Here are the recipes that John Ford and I talked through at the Sustainable Living Festival at Federation Square in Melbourne on February 20th.

SALT & PEPPER CALAMARI (OR SQUID)

This is easy to cook – the key is to have everything ready to go before you turn the oil on.

Serves 4

6 tubes calamari / 4 tubes squid, cleaned

1 cup plain white flour

2 tbsp ground sea salt

1 ground black pepper

1 cup rice bran oil

Slice the tubes into 1cm rings and put aside.

In a large bowl place the flour, salt and pepper and combine them well.

Place a large fry-pan or wok on the hot plate and pour in the oil.

Have a flat plate lined with paper towel next to the hot plate and a slotted spoon or other implement that is good to scoop and drain simultaneously at the ready.

Set yourself up at the stovetop – you don’t want to be turning around or distracting yourself from this process as it’s so quick and very hot.

Turn the heat up to high, and as the oil is heating place the calamari in the flour and toss liberally so the rings are evenly coated with the mix.

To check the oil, carefully spoon one ring into the oil. If it starts to bubble gently put one spoonful of rings into the oil, this part sounds crazy but count to ten. Give them all a turn, move them through the oil and then count to ten again.

With the slotted spoon carefully pick up the calamari and put directly on the paper towel.

Repeat this until all the calamari is cooked.

Serve with:

lots of lemon and lime wedges

aioli

chilli sauce

put finely chopped chilli into the flour mix if you’d like some spice to it.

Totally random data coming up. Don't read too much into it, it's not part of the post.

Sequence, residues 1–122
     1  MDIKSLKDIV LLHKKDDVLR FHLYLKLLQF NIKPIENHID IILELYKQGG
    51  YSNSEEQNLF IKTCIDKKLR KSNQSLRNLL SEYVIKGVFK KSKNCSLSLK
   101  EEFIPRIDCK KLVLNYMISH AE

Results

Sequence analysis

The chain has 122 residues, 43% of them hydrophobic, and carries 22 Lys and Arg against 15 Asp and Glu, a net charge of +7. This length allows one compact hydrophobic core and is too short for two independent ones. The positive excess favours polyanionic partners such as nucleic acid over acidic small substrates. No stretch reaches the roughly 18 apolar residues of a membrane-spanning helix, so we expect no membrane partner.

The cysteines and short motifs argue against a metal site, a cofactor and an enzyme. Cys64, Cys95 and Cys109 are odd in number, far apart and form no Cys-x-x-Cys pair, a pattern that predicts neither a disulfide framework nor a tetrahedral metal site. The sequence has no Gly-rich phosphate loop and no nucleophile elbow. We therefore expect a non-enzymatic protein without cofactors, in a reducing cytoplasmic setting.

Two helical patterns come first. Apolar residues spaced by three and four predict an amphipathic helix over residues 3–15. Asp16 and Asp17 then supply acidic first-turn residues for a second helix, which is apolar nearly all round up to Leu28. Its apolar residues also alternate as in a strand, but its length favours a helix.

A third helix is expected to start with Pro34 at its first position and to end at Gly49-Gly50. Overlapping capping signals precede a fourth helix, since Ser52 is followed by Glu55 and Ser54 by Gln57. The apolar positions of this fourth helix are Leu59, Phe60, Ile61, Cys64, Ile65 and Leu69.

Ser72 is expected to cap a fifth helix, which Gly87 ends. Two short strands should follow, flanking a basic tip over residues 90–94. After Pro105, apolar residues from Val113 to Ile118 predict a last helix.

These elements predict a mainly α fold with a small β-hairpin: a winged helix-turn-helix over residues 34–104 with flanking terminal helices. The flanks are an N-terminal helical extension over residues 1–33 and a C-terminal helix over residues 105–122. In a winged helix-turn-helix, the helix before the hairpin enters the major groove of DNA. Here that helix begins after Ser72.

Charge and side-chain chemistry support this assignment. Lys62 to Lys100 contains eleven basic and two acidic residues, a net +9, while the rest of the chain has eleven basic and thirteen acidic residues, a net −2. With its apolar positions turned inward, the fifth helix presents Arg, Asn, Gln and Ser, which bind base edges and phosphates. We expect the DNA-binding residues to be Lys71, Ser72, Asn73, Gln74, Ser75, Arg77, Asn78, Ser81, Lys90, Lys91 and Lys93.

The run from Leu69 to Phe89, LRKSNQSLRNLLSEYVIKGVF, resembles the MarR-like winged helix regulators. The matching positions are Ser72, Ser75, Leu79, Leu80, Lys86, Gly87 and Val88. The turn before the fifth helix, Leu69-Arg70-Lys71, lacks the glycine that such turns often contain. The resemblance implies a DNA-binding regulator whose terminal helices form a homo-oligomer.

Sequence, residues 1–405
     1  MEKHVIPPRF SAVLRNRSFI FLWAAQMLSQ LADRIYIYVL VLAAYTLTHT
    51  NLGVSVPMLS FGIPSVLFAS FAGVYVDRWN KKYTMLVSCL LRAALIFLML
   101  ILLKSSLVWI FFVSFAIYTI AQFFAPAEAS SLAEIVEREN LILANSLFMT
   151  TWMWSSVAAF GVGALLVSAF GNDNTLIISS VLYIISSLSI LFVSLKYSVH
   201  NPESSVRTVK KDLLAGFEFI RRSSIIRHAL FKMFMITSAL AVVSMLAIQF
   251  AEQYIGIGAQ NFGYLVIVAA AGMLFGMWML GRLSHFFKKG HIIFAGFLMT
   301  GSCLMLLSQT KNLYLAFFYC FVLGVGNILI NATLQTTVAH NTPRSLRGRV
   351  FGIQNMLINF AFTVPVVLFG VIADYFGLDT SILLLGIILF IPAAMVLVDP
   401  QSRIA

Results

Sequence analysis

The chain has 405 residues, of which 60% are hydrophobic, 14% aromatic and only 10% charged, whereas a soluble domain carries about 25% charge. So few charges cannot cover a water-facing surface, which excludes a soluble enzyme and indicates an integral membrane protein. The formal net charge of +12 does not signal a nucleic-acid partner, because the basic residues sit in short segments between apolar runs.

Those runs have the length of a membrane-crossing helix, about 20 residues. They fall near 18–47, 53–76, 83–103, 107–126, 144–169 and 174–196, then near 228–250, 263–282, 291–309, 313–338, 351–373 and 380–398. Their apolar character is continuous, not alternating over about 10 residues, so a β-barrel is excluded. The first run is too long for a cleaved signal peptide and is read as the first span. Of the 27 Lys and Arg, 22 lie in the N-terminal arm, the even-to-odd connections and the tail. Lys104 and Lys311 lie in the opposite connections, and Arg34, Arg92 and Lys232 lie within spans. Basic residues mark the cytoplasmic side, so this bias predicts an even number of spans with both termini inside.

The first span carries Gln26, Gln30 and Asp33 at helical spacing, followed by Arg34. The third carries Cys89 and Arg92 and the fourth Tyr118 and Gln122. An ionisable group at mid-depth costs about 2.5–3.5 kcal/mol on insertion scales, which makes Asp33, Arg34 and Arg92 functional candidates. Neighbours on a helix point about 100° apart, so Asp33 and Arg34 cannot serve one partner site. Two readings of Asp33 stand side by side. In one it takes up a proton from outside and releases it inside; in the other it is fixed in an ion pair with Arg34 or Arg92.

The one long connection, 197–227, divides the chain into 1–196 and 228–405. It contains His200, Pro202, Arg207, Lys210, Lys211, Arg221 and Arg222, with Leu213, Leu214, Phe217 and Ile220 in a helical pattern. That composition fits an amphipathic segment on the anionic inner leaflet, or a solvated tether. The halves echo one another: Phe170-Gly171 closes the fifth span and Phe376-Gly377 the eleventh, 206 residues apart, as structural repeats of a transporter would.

ROASTED LEATHERJACKET


1-2 leatherjackets per person (depending on the fish and the appetites your feeding)

salt

pepper

olive oil

Heat the oven to 180C.

Brush the fish on both sides with the oil, or just pour a little over the fish to evenly coat it with the oil. Sprinkle with salt and pepper and place on an oven tray lined with alfoil and baking paper.

Place in the oven and check after 4 minutes with a cake tester or a cooking thermometer.

Leave no longer than 6 minutes.

This is a fish with a subtle sweet/saltiness:

serve it with a simple tomato and basil salad,

or roughly chopped black olives, parsley and lemon zest,

combined and served on top of or next to the fish.

BARBECUED SARDINES


Serves 3 – 4

10 fresh whole sardines, gutted, cleaned and butterflied  (allow 2 to 4 per person)

3 cloves garlic, finely chopped

1 bunch coriander leaves, finely chopped

1 small birds eye chilli, finely chopped

rice bran oil or another good cooking oil, like olive oil

Heat the oil in a saucepan to a gentle/medium heat.  Add the garlic and cook slowly, so as not to colour but bring out the flavour. Add the chilli and cook for a further minute and then add the coriander and combine well. Put aside.

Open the sardines skin-side down and place the garlic mixture down the spine (middle) of the fish. Fold one side over to close and then once all the sardines are filled, cook on a hot barbecue for two minutes on each side. Serve with lots of  lemon (don’t add salt to sardines – they are naturally very salty).

Serve with:

a salad of celery, green apple, mint, garlic and yoghurt

or couscous with pinenuts and sultanas

PAN-FRIED WHITING (King George or Sand is good)


Account for 2 fillets per person

pure olive oil

salt

pepper

Pour a small amount of oil over each fillet and then season with salt and pepper. Heat a fry-pan until it is good and hot. When it is, place the fillets skin-side down in the pan – it will give out a quick sharp sizzle; let it cook for 1 minute, turn it over and cook it for another minute, take it off the heat and serve.

Whiting does well with so many flavours:

right now it would go well with a salad of bean sprouts, hot mint, chilli and rice wine vinegar.

A salad of leafy greens: spinach, rocket, radicchio, cos, lemon juice, chardonnay vinegar, extra virgin olive oil, salt and pepper

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